After his keynote presentation today, Dr Pat Bracken joined us for a Q&Asession about critical psychiatry and recovery oriented practice.
One of the discussions in the Q&A was about how to promote recovery-oriented practice. Many workers, family members and consumers may feel frustrated about the prospects for changes in mental health care practice. Feeling frustrated, they wonder about how to fix the system.
Pat argued instead that “if we try to fix it, we’re still in it; we’re still seeing it as a fixable problem”. The difficulty is that a mentality of “fixing things” is precisely the problem we are talking about wanting to change. What if trying to “fix” the system is actually counterproductive? If we apply Paolo Friere’s ideas about pedagogy to this process, we may need to foster dialogue with workers rather than attempt to fix their practice or the institutions within which they work.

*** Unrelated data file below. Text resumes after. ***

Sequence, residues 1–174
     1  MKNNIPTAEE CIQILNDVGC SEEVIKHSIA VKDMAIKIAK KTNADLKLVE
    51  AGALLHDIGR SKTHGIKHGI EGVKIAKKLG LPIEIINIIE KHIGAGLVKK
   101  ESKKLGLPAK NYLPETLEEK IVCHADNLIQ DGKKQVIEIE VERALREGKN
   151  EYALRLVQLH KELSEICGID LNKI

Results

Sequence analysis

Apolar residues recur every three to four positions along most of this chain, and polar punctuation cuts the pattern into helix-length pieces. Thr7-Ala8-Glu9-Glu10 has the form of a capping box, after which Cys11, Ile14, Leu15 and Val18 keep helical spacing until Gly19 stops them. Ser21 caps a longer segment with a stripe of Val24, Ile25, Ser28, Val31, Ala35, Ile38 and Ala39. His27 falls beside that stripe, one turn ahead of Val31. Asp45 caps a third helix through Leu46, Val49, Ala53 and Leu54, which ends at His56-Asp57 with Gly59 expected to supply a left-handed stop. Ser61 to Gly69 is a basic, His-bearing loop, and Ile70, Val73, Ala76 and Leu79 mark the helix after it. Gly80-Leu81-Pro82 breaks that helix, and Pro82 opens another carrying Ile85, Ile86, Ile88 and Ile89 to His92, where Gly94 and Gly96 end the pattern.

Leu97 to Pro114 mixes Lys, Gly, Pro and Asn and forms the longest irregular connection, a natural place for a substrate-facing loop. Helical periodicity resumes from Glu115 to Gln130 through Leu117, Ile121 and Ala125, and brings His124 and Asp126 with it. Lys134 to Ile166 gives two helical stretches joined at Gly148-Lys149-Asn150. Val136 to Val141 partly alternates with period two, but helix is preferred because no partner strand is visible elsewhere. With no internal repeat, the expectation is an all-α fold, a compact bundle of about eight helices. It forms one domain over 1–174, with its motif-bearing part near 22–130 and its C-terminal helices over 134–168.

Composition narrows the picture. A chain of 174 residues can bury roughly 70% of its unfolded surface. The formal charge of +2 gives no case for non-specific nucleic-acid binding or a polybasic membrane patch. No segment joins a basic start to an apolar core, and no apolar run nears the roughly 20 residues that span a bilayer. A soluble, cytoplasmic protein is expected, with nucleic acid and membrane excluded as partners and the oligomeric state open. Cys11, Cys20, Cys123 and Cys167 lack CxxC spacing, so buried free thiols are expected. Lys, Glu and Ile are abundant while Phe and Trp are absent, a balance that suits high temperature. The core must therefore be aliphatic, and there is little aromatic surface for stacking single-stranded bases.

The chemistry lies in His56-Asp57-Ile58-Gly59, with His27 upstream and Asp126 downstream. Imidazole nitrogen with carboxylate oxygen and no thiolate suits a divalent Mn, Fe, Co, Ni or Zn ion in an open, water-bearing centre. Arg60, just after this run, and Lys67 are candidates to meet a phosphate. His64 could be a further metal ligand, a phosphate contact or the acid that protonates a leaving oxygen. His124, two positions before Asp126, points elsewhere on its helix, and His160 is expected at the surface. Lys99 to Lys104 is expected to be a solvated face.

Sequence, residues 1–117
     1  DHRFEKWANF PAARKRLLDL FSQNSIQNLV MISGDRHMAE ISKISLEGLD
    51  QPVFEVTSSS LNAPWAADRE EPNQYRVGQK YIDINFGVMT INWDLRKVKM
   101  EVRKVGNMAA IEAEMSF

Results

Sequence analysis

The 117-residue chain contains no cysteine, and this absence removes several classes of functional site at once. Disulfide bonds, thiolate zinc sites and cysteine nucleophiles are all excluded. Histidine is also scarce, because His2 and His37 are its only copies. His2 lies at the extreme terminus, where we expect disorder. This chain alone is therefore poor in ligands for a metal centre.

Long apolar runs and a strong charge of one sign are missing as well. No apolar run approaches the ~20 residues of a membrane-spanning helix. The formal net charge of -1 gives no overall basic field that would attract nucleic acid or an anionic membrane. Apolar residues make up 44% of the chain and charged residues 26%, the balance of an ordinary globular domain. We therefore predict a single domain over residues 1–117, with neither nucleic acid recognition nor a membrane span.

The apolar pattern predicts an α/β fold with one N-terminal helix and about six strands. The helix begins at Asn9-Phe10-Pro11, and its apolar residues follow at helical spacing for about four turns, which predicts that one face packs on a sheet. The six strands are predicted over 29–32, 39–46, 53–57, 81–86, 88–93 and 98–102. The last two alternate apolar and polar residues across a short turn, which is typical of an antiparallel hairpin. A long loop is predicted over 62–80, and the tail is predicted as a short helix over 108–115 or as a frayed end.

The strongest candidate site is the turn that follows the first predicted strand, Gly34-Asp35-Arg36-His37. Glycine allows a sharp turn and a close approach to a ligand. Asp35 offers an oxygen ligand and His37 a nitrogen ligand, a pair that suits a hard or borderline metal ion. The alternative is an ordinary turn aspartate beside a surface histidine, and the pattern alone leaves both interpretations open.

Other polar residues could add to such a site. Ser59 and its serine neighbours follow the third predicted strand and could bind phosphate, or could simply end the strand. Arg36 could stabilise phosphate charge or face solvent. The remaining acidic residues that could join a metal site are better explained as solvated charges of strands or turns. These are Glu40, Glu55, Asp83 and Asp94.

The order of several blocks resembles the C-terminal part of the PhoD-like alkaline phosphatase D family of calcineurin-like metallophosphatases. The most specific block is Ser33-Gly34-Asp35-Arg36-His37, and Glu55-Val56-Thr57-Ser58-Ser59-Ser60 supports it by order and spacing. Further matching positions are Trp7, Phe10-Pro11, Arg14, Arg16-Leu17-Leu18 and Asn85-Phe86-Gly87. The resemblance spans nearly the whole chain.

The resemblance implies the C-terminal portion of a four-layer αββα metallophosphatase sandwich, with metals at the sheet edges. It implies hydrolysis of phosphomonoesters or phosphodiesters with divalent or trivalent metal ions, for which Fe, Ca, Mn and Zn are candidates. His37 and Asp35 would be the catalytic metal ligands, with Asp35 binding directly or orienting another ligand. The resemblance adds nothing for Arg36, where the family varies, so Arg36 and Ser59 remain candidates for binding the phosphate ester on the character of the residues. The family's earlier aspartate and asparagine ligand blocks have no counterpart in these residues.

- What do you think of the idea that “fixing” the mental health system is counterproductive and that we need new ways of thinking about how to promote change?
- What would it mean to address make change through building relationships?
- Who would need to trust you in order to experiment with ideas from critical psychiatry and the recovery movement?
- What fears might staff have about ideas and practices from critical psychiatry and the recovery movement?